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Church History

The following article is about twenty years old¹– about the same age as the large hall. The writer is not known.

The St Andrews-Lhanbryd Church was built around 1790 (ed. 1783?) midway between the sites of the two original churches St Andrews (at Kirkhill) and Lhanbryde (in the village). The vestry was added in 1930, the hall in 1965. In 1960 the harling on the outside walls was removed to expose the fine colouring of stonework beneath. From the car park, you can see a line at the west end of the church where it might have been extended by ten feet. It is possible that this was done around 1860, the same time as the internal furnishings were rearranged, taking the pulpit from the long (windowless) wall to its present position, building in the balcony, and turning the direction of the benches – presumably originally gathered round a long central communion table – the present formation of pews.

The Church will have changed little in over a hundred years, except that the communion table, once all marble, used to be in the area in front of the central pews, the choir was boxed in in front of the pulpit, and the ‘manse pew’ was where the choir now is. In 1979 a ‘Father Willis’ organ (he made the organ in St Paul’s Cathedral) which came from Maryhill House, via Elgin Baptist Church, was rebuilt in the Church by Mr Sandy Edmonstone.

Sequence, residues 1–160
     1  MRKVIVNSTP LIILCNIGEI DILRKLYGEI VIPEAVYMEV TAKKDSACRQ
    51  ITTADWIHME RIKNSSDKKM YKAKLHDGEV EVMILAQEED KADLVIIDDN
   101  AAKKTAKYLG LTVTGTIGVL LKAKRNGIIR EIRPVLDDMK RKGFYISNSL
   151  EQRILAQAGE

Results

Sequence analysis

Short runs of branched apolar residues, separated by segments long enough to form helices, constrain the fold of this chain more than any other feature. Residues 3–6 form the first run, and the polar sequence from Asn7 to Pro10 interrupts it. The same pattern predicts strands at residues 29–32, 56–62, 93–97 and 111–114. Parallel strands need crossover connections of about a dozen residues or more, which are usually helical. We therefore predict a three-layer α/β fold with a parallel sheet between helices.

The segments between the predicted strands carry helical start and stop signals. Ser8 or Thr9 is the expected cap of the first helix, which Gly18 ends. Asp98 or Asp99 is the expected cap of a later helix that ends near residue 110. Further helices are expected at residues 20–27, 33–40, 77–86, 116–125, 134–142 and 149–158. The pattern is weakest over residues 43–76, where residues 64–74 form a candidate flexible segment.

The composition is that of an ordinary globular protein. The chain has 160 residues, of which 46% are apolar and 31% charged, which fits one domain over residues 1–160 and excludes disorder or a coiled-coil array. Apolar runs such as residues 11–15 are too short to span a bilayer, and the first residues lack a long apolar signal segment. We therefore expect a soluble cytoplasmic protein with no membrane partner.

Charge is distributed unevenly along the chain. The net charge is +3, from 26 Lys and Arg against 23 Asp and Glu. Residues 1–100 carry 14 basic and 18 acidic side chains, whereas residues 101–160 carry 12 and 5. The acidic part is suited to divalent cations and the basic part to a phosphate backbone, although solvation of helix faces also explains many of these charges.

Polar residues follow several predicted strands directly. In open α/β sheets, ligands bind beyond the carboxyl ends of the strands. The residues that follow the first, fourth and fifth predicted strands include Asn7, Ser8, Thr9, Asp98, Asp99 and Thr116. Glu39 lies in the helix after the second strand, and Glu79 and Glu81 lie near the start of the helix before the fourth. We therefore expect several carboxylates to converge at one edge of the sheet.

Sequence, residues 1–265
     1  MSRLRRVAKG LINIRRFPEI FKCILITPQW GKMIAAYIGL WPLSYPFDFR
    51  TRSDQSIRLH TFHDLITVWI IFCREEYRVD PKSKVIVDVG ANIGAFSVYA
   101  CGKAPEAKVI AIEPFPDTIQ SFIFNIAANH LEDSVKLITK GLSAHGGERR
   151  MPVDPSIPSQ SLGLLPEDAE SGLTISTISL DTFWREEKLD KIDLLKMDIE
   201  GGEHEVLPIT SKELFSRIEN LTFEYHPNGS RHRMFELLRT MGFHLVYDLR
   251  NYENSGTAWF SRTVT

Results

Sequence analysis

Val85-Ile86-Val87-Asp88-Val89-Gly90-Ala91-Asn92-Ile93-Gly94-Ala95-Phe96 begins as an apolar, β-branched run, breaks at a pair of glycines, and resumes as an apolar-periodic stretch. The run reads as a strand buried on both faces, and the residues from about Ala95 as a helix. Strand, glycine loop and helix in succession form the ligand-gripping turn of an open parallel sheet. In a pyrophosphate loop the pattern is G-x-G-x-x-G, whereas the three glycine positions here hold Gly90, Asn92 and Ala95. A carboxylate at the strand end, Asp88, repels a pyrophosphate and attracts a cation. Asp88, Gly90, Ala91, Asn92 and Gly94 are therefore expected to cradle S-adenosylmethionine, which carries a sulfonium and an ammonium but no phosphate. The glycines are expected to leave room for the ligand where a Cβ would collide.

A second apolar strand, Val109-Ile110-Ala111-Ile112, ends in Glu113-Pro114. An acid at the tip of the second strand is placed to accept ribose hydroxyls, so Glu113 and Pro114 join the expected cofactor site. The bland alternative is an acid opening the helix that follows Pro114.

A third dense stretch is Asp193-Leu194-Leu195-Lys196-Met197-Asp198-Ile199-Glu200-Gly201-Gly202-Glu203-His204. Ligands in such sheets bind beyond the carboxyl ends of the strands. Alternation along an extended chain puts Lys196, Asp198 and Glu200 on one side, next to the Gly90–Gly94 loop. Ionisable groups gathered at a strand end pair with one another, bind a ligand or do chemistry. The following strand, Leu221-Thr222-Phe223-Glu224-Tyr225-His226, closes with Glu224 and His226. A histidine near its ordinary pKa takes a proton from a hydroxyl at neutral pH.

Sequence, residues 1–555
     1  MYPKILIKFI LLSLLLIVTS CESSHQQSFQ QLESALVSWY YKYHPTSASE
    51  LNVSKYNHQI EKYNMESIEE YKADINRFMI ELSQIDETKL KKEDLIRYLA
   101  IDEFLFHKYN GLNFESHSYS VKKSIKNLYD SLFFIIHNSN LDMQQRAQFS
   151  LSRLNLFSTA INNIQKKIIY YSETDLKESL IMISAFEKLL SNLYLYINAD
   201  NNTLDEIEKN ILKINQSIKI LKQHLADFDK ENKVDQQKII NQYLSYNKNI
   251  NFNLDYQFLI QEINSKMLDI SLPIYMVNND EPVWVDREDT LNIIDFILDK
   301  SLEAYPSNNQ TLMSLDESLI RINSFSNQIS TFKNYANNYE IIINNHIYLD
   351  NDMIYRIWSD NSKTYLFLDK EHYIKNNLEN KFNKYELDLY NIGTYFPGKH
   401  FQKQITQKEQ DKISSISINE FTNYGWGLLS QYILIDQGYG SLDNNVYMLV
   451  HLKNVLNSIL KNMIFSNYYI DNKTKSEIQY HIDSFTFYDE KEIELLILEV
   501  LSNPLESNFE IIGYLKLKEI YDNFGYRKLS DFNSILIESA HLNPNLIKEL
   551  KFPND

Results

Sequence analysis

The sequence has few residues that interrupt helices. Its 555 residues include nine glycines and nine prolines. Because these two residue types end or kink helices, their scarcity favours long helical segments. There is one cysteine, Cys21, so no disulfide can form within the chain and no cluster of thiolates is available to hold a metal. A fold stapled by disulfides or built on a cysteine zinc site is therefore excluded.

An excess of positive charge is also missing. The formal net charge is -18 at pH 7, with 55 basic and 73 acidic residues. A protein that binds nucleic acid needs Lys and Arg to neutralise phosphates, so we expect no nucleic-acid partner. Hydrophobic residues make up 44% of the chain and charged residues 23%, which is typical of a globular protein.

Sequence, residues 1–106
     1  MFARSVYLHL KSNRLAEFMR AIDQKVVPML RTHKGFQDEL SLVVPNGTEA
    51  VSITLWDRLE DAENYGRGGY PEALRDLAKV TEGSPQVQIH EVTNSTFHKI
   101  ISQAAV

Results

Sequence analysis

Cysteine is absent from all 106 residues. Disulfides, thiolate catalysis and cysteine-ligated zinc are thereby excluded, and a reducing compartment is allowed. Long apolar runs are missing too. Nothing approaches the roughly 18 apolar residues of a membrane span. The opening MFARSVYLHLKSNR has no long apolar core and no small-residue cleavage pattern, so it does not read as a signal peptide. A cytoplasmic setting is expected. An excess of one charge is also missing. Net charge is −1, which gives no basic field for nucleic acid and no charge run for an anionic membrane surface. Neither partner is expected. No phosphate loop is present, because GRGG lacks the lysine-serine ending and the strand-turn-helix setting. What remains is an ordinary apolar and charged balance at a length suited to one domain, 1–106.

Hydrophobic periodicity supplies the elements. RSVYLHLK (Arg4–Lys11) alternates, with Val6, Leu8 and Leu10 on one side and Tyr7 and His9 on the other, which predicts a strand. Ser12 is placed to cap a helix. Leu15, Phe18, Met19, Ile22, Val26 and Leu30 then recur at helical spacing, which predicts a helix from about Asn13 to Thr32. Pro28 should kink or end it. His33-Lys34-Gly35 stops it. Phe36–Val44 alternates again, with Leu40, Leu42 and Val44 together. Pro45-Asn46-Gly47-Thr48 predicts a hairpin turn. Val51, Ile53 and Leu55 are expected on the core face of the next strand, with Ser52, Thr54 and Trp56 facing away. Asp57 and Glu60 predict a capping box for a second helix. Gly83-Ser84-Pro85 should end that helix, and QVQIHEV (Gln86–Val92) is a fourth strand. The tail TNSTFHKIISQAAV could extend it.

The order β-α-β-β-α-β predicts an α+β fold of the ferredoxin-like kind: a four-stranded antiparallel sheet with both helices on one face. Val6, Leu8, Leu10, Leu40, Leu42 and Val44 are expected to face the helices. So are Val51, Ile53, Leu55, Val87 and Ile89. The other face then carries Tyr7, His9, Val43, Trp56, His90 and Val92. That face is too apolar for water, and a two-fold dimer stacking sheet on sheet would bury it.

The silver communion cups are very old, the plates presented more recently. The tablecloth was made and donated by Miss Elizabeth Duncan of Hatton. The wood
carving, in Morayshire oak, was done by Mr Liam Barr of Drummuir, who also donated it.

It is intended to print further historical items in future editions of Contact and contributions of this kind will be welcome.
¹ At the time it was written